Hey data hackers! Looking for a rapid way to pull down unstructured data from the Web? Here’s a 5-minute analytics workout across two simple approaches to how to scrape the same set of real-world web data using either Excel or Python. All of this is done with 13 lines of Python code or one filter and 5 formulas in Excel.
All of the code and data for this post are available at GitHub here. Never scraped web data in Python before? No worries! The Jupyter notebook is written in an interactive, learning-by-doing style that anyone without knowledge of web scraping in Python through the process of understanding web data and writing the related code step by step. Stay tuned for a streaming video walkthrough of both approaches.
Huh? Why scrape web data?
If you’ve not found the need to scrape web data yet, it won’t be long … Much of the data you interact with daily on the web is not structured in a way that you could easily pull it down for analysis. Reading your morning feed of news and catch a great data table in the article? Unless the journalist links to machine-readable data, you’ll have to scrape it straight from the article itself! Looking to find the best deal across multiple shopping websites? Best believe that they’re not offering easy ways to download those data and compare! In this small instance, we’ll explore augmenting one’s Kindle library with Audible audiobooks.
Audiobooks whilst traveling …
When in transit during travel (ahh, travel … I remember that …) I listen to podcasts and audiobooks. I was, the other day, wondering what the total cost would be to add Audible audiobook versions of every Kindle book that I own, where they are available. The clever people at Amazon have anticipated just such a query, and offer the Audible Matchmaker tool, which scans your Kindle library and offers Audible versions of Kindle books you own.
Sadly, there is not an option to “buy all” or even the convenience function of a “total cost” calculation anywhere. “No worries,” I thought, “I’ll just knock this into a quick Excel spready and add it up myself.”
Part I: Web Scraping in Excel
Excel has become super friendly to non-spreadsheet data in the past years. To wit, I copied the entire page (after clicking through all of the “more” paging button until all available titles were shown on one page) and simply pasted this into a tab in the spready.
Removing all of the images left us with a column of a mishmash of text, only some of which is useful to our objective of calculating the total purchase price for all unowned Audible books. Filtering on the repeating “Audible Upgrade Price” text reduces the column down to the values we are after.
Perfect! All that remains is a bit of text processing to extract the prices as numbers we can sum. All of these steps are detailed in the accompanying spreadsheet and data package to this post.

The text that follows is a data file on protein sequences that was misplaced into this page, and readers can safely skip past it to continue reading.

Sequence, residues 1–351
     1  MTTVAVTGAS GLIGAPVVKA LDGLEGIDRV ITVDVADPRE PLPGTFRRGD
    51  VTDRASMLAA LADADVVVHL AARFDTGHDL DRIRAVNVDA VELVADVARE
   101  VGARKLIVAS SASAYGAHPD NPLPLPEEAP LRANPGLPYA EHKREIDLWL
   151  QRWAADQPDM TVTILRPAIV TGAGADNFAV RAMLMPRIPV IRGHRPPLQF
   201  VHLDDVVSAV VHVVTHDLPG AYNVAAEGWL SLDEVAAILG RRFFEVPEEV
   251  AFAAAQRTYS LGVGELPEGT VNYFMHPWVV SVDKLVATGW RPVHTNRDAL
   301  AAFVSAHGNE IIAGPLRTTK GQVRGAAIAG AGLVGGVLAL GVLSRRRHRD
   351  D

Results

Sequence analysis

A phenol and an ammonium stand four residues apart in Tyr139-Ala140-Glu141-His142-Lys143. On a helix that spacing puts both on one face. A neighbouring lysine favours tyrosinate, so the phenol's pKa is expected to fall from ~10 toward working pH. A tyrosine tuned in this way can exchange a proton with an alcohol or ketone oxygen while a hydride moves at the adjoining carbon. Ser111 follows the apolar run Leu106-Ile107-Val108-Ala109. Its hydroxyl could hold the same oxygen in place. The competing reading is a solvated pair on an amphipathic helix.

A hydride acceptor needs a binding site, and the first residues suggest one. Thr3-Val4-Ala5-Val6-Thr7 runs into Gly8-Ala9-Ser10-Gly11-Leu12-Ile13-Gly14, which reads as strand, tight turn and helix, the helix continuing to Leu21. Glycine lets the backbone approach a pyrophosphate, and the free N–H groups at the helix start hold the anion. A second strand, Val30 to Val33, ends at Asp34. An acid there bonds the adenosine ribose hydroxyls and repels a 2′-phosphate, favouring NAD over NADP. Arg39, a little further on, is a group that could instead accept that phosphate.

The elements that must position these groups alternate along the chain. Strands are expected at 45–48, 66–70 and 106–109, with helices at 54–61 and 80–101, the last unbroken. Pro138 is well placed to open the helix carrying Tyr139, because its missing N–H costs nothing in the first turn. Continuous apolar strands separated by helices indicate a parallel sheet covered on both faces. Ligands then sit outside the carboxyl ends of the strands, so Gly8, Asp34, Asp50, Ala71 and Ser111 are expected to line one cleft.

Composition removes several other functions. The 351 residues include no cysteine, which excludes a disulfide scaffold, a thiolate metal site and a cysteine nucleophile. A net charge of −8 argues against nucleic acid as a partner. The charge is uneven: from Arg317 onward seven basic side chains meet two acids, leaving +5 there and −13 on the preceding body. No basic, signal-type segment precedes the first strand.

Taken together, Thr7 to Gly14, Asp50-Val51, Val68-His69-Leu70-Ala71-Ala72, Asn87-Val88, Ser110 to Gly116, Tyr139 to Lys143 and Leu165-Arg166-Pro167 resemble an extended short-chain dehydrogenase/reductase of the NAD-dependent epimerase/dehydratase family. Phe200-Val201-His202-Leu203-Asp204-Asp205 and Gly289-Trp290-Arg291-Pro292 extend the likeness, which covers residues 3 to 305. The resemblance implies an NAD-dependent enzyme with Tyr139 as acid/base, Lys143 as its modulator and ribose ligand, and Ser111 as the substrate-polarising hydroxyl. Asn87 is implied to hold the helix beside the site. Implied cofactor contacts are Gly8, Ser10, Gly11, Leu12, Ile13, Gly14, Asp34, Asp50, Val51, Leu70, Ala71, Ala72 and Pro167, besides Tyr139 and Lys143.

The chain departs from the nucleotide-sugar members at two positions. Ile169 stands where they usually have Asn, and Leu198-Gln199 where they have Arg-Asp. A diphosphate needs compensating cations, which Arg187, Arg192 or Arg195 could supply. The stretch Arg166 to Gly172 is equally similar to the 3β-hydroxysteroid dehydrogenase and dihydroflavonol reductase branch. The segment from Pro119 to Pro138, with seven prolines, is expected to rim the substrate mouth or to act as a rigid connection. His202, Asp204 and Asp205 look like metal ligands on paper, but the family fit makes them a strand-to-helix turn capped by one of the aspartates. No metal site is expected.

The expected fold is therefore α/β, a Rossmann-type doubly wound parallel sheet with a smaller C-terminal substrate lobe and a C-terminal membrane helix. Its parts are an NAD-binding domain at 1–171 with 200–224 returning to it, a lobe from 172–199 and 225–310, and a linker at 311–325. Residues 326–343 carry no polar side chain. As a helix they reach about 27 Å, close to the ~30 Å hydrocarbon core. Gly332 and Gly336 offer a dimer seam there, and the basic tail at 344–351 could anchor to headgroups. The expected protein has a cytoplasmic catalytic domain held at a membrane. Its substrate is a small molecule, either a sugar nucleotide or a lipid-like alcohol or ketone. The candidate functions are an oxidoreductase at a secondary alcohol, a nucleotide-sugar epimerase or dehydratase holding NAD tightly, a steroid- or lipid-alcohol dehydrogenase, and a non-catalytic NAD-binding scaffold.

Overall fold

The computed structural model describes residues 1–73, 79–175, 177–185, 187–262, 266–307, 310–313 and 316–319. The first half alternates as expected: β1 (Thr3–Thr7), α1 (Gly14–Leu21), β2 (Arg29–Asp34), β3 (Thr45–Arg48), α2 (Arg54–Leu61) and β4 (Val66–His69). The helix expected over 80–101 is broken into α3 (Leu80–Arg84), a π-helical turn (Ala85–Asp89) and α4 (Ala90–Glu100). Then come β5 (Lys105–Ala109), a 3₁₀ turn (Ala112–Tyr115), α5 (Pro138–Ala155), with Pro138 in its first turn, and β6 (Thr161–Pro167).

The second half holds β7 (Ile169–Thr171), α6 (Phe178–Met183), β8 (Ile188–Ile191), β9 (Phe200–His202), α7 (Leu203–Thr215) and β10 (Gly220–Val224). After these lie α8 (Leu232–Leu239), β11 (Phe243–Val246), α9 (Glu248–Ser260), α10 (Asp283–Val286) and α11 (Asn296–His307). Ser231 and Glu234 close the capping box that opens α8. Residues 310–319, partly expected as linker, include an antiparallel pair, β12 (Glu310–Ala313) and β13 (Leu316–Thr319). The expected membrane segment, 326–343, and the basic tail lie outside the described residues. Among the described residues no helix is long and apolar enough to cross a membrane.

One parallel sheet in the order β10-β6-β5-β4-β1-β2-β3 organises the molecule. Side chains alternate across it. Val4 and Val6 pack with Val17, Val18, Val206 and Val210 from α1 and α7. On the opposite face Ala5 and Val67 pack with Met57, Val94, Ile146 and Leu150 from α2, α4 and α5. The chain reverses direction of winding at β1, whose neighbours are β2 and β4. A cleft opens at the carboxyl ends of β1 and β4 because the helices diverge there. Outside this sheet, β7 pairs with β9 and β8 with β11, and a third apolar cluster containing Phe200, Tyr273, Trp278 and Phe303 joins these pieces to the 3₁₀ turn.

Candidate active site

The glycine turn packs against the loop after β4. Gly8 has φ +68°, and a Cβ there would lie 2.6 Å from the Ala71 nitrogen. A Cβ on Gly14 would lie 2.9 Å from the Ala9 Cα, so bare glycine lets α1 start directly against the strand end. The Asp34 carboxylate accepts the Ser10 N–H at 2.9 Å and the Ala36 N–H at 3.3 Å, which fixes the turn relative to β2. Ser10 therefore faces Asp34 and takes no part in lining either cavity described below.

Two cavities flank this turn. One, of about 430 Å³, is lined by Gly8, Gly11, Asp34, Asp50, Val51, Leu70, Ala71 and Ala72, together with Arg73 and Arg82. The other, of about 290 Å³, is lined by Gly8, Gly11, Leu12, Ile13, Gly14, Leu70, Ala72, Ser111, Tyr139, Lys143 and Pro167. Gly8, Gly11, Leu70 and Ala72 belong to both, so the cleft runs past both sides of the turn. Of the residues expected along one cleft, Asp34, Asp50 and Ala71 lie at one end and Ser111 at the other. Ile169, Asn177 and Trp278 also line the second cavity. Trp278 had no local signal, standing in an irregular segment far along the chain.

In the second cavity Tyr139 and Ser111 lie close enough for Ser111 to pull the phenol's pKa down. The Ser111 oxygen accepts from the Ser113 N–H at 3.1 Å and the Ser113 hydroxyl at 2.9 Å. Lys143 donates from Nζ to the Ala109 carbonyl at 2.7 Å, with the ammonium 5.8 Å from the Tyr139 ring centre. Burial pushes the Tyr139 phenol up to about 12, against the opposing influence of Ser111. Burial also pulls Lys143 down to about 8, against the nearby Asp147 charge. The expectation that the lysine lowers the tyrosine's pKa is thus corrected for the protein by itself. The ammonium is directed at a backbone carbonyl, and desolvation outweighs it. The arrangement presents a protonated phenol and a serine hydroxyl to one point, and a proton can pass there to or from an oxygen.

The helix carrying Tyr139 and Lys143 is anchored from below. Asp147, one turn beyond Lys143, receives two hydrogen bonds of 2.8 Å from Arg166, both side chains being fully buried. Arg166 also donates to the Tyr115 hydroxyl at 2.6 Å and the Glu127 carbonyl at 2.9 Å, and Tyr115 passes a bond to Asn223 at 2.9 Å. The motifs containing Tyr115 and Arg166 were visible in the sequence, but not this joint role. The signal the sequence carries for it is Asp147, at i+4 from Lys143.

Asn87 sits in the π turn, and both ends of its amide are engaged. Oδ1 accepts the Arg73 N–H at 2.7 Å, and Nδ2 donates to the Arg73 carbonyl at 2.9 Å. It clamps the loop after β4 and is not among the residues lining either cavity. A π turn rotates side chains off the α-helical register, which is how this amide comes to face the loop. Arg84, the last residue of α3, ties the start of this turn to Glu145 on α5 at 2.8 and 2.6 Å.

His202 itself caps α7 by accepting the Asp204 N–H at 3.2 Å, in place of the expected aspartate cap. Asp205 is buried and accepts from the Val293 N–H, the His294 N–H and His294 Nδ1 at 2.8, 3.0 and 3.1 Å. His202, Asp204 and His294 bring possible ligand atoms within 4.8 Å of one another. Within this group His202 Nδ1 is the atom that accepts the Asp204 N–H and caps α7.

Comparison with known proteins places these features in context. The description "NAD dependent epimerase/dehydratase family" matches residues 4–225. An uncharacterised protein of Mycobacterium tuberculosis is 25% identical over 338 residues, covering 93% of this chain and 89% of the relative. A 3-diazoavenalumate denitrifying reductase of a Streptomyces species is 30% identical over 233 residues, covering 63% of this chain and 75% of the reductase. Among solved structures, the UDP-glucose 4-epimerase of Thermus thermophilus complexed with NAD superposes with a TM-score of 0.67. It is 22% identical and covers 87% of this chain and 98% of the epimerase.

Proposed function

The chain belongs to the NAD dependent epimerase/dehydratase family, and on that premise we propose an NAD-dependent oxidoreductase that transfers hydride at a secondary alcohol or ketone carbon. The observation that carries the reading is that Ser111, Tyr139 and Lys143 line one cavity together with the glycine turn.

$465.07 … not a horrible price for 60 audiobooks … just about $8 each. (As an Audible subscriber, each month’s book credit costs $15, so this is roughly half of that cost and not a bad deal …) NB – we could have used Excel’s cool Web Query capabilities to import the data from the website, though we’ll cover that separately as we cover scraping Web data requiring logins elsewhere.
I’m sure my Kindle library is like yours, in that it significantly expands with each passing week, so it occurred to me that this won’t be the last time I have this question. Let’s make this repeatable by coding a solution in Python.
Part II: Web Scraping in Python
The approach in Python is quite similar, conceptually, to the Excel-based approach.
- Pull the data from the Audible Matchmaker page
- Parse it into something mathematically useful & sum audiobook costs
Copy the data from the Audible Matchmaker page
The BeautifulSoup library in Python provides an easy interface to scraping Web data. (It’s actually quite a bit more useful than that, but let’s discuss that another time.) We simply load the BeautifulSoup class from the bs4 module, and use it to parse a request object made by calling the get() method of the requests module.
Parse the data into something mathematically useful
Similar to our approach in Excel, we’ll use the BeautifulSoup module to filter the page elements down to the price values we’re after. We do this in 3 steps:
- Find all of the span elements which contain the price of each Audible book
- Convert the data in the span elements to numbers
- Sum them up!
Donezo! See the accompanying Jupyter Notebook for a detailed walkthrough of this code.
There it is – scraping web data in 5 minutes using both Excel and Python! Stay tuned for a streamed video walkthrough of both approaches.